Interviewing in the United States

Lindsay: Okay. So here we are. In today’s episode, you’re going to learn how to answer the most common interview question in the US.
Gabby: And more.

Gabby: Hey guys. In this episode, we are going to break down some phrases and some different parts of our conversation from our ‘Meeting Monday’, our last episode, Episode 1. And so you can always go back and listen to that conversation and hear how we used these phrases. Um, but Lindsay has a couple of great phrases for us. And, and these will help you understand conversation, but also, you know, to, to talk to create your own conversations. So, so Lindsay, what are your, your two, two, uh, phrases for us?

Lindsay: Okay. So the first phrase that we have, this is a phrasal verb, which I know can be tricky for students sometimes. And this expression is ‘to fill out something’, right? To fill out an application. Right?
Gabby: Yeah.
Lindsay: When would you use this?
Gabby: Yeah, I think that’s the most common use, is to fill out an application. And really, whenever we need to use an application — I mean that even sounds funny to say ‘use an application’ – we, we don’t use any other verb. I mean you always fill out, uh, an application, unless you’re, you’re creating an application, if you’re on the other side of things.
Lindsay: Right. Right. But anytime you’re – like if you’re going in for a job interview. Right. You’re gonna (going to) sit down and the person – you’re gonna (going to) say “I’m here for the interview,” and the person’s gonna (going to) say, “Please fill out this application.”
Gabby: Right.
Lindsay: Every time.
Gabby: You might fill out an application by hand, using a pen. You might fill out an application online using a computer.
Lindsay: Right.
Gabby: Uh, but it’s a really important phrasal verb to know for those contacts that you mentioned…
Lindsay: Yeah.
Gabby: …for school and for work.
Lindsay: Definitely. So remember that one. Okay. Great. So the next one is ‘the key’, right? So we said that education – Gabby said that she thinks that education is the key to freedom. Right? So what does that mean? What does that mean? Whaddya (what do you) think?

Gabby: ‘The key’ is something that unlocks, uh, an opportunity or a door. Right? You use a key to unlock a door, but it’s kind of an analogy the way we’re using, um, this, this – it’s figurative speech, right? I am allowing an opportunity to happen. I’m, I’m going after an opportunity, so I need education in order to be free.
Lindsay: Be free. And another example would be, “I think that hard work is the key to success.”
Gabby: Ah! Excellent.
Lindsay: Right? So that’s another example of that. All right. So those are my teachings. How ‘bout (about) yours Gabby? Whaddya (what do you) have?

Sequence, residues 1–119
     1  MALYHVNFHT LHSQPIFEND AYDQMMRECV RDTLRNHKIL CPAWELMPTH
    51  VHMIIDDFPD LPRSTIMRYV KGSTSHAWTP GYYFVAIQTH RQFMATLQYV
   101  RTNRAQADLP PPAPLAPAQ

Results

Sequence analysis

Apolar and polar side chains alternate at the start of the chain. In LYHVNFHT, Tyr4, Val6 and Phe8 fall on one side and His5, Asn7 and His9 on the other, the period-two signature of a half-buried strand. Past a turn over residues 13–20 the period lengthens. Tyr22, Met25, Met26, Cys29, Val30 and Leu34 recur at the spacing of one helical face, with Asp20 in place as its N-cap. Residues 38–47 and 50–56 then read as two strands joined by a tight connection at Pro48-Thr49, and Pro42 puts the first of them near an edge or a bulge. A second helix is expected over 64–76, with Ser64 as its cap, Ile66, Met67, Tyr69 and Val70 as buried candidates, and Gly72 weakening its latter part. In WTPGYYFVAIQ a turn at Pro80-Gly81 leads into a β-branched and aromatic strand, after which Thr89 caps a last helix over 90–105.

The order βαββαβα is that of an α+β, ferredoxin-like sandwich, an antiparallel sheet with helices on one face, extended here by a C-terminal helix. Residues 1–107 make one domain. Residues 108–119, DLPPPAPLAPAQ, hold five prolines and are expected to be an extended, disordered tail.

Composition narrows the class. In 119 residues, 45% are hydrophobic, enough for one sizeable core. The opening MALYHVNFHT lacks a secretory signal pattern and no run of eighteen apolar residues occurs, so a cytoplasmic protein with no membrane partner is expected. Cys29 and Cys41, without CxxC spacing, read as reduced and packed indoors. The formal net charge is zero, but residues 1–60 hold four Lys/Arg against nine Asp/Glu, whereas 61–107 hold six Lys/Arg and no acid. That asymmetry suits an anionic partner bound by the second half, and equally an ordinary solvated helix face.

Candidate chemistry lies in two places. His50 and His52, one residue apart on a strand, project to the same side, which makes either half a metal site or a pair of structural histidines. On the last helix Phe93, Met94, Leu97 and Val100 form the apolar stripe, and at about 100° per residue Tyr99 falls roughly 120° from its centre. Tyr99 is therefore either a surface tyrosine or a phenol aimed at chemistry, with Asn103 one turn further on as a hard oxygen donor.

Gabby: Yeah. So I have a couple of teachings that are a little different. One is a really important phrase or question actually. Um, and the other one is pronunciation, so let me start with the phrase and it is “Tell us about yourself.” So this is a phrase that you’ll hear often. When might we hear this phrase? What would you say?
Lindsay: Well I would think about an interview again. The interview situation it’s so common when you sit down and interview in the US and the person says – the first thing they might say to you is “Tell me about yourself.”
Gabby: Yeah.
Lindsay: Right?
Gabby: Totally. And even in casual conversation, like in our conversation, it wasn’t an interview, but you know, I, I think I asked you, “Well, tell us about yourself,” and that’s something that you could hear at a party, you know?
Lindsay: Yeah.
Gabby: If you’re meeting people for the first time.
Lindsay: I guess. So yeah. I — for me, in my mind, it stands out as being a little bit more formal, right?
Gabby: Yeah sure.

Lindsay: But yeah, sometimes you might hear it at a party or in a conversation like we just had.
Gabby: Tell me about yourself. Tell me more.
Lindsay: Tell me about yourself.
Gabby: So it’s a really good idea to plan out your answer, um, and have something ready to say — more than just your name and what country you’re from. You know maybe talking about your interest, or your career. Not too much, but you know, maybe like 30 seconds of something that you want other people to know about you.
Lindsay: Yeah, there you go. What else?
Gabby: Uh, okay. So we said a couple of times “What… do… you… do?”
Lindsay: Did we say it that way?
Gabby: No, we didn’t.
Lindsay: We would be so boring if we said it that way.
Gabby: That’s really slowed down. So we said it in a natural way because we want you all to hear what native, natural conversation sounds like, and I’m gonna (going to) say it again just the way that we said it and I’m going to pause afterwards so that you can repeat it. ‘K (okay)? So get ready. Here we go. Whaddyado?
Lindsay: Whaddyado?
Gabby: Whaddyado?
Lindsay: Whaddyado?
Gabby: Yeah, so we use this talking ‘bout (about) work. We ask, you know, whaddya (what do you do) do for work and we also asked “Whaddyado?” (what do you do) on the weekend. So this is a super common chunk of English, a phrase that – these words just get stuck together. I mean, we don’t, we don’t pronounce each word separately, “What… do… you… do?”

Never. Never, never, never. So memorize this question as just one chunk – like it almost sounds like one word, “Whaddyado?”
Lindsay: Great.
Gabby: Woo!
Lindsay: Good advice. I like it.
Gabby: Great.